For all the gadgets and software and devices out there available to educators, what technology do they really need? Do we stop long enough to ask?
The exhibition hall at ISTE 2011 was a mammoth affair, but walking up and down the seemingly endless aisles, I wondered which of these are really necessary?
The question has been on my mind at least as long as the Startup Weekend Edu last month, when (as we covered here) teams came together to pitch, design, and build an ed-tech startup over the course of an intensive weekend. There were several teachers at the event, and it was interesting to hear their ideas about technology products and services.
One of the teams at Startup Weekend that worked on a teacher-driven idea was LessonCast, and I had the sense as the team pitched their idea at the end of the weekend, that some of the investors and non-educators on the judging panel just didn’t “get it.” “I’m not sure who would use it,” was one response. “Well, teachers,” said the founders.
The idea behind LessonCast is to enable teachers to make short, two-and-a-half minute videos explaining a particular lesson or classroom management strategy. Unlike other sites devoted to online instruction, LessonCast isn’t about teachers teaching students per se, but rather teachers teaching and mentoring other teachers.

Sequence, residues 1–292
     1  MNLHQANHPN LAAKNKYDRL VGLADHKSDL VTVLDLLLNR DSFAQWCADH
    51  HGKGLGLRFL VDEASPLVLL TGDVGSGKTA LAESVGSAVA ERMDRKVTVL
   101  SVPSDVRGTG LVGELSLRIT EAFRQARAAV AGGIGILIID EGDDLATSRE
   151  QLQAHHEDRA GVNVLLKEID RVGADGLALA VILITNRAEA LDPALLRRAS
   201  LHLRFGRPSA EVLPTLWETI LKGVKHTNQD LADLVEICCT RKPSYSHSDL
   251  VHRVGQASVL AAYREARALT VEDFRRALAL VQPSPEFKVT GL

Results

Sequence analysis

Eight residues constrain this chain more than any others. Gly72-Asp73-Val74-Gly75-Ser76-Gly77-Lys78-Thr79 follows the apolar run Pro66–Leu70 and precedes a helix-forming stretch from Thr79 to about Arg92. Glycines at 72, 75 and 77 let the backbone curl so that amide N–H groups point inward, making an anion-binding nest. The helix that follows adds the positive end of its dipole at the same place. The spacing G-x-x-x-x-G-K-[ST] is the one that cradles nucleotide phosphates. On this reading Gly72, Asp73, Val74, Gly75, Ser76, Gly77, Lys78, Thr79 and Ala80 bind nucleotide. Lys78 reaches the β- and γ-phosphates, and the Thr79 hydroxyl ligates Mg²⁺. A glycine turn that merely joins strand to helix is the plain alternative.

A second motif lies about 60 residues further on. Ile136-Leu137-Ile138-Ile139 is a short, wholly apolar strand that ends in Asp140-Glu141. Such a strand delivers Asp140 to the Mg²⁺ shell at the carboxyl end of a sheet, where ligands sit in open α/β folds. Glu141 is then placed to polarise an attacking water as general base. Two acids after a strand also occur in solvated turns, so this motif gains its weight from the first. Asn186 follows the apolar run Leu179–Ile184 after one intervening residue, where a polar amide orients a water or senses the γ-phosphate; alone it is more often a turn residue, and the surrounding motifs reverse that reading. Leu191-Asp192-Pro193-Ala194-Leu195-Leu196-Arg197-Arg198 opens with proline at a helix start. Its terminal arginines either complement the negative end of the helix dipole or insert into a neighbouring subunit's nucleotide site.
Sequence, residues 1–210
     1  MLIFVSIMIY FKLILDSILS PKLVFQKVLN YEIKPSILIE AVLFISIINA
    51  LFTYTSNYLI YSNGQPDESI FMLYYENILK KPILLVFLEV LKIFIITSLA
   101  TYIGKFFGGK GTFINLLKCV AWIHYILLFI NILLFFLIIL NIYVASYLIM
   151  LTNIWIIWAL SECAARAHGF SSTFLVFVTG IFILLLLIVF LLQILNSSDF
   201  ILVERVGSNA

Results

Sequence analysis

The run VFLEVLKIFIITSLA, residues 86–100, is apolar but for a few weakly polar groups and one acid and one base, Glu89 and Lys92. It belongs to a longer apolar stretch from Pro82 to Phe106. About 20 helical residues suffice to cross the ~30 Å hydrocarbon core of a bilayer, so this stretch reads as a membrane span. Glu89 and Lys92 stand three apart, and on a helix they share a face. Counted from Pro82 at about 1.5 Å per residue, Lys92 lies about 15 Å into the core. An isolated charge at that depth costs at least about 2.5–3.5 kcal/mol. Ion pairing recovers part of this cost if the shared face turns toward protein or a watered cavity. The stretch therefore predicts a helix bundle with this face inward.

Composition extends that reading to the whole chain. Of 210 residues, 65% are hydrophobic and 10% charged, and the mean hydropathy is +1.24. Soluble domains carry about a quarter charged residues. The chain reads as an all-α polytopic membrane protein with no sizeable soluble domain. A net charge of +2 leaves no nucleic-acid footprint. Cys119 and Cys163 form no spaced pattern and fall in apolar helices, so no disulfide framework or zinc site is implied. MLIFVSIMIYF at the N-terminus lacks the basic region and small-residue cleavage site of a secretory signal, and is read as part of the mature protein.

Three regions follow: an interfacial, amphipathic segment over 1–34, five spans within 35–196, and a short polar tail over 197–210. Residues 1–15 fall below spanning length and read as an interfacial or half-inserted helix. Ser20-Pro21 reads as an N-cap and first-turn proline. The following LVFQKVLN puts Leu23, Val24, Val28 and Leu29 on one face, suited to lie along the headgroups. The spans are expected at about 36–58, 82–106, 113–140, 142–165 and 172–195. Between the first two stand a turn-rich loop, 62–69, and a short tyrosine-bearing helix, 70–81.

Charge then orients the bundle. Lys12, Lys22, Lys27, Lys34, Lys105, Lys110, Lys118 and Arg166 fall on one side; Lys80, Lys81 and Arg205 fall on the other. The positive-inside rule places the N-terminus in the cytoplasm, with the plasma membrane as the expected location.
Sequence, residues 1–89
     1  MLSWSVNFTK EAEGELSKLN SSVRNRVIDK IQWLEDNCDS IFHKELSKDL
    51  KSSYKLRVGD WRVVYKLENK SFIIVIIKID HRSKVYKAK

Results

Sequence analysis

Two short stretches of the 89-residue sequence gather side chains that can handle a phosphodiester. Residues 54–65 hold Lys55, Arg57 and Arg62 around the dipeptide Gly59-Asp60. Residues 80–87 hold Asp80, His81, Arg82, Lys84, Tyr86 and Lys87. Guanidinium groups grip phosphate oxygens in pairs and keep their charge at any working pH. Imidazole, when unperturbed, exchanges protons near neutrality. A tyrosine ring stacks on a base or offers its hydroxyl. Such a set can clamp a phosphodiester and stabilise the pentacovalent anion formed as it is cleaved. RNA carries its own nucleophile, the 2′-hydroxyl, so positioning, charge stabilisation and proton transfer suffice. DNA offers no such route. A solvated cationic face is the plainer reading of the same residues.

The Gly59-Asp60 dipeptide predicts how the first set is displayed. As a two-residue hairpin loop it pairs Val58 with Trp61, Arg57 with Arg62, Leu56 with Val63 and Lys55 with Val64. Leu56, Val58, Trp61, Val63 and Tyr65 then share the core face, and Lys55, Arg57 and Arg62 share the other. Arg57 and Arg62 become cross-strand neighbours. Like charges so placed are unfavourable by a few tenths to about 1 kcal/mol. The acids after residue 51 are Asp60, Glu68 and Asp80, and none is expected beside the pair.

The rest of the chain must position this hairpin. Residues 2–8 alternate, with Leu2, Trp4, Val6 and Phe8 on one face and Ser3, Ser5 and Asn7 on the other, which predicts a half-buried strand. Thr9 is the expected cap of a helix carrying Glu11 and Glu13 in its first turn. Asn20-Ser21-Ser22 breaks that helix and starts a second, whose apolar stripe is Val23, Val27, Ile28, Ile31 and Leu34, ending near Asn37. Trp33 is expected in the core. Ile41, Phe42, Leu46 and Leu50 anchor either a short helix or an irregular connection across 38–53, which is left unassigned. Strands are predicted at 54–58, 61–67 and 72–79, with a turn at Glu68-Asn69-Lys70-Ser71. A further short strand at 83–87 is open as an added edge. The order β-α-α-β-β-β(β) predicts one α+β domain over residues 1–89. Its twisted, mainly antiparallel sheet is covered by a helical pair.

“We’re trying to help build the expertise of teachers and to share that,” says LessonCast co-founder Nicole Tucker-Smith, who points to her own experiences as a novice teacher turning to more experienced educators for help with lesson plans, project ideas, and classroom management tips. The startup wants to help educators share content via video, matching new and experienced educators, not just in the content of the tips and tricks and lessons, but in the production of the videos themselves as well.
“We’re trying to give teachers a greater voice,” she says, not use technology or video instruction to replace or “skirt around them.”
LessonCast’s mission is helping teachers share content, but it’s also about helping foster mentor relationships — both online and offline. Tucker-Smith says the startup has connections with several universities in order to get the product out to student teachers and in professional development settings.
Having just founded the startup last month, LessonCast still has a lot to work out. One thing the founding team knows is that it must make that process of creating the videos as simple as possible.
The founding team understands the limitations on teachers’ time and technology — both Tucker-Smith and another one of her co-founders, Katrina Stevens, are educators themselves. Balancing education and entrepreneurship is no easy task (and the startup is looking for engineering talent as well as weighing its investment options). But LessonCast is confident that it’s building a tool that teachers want and need.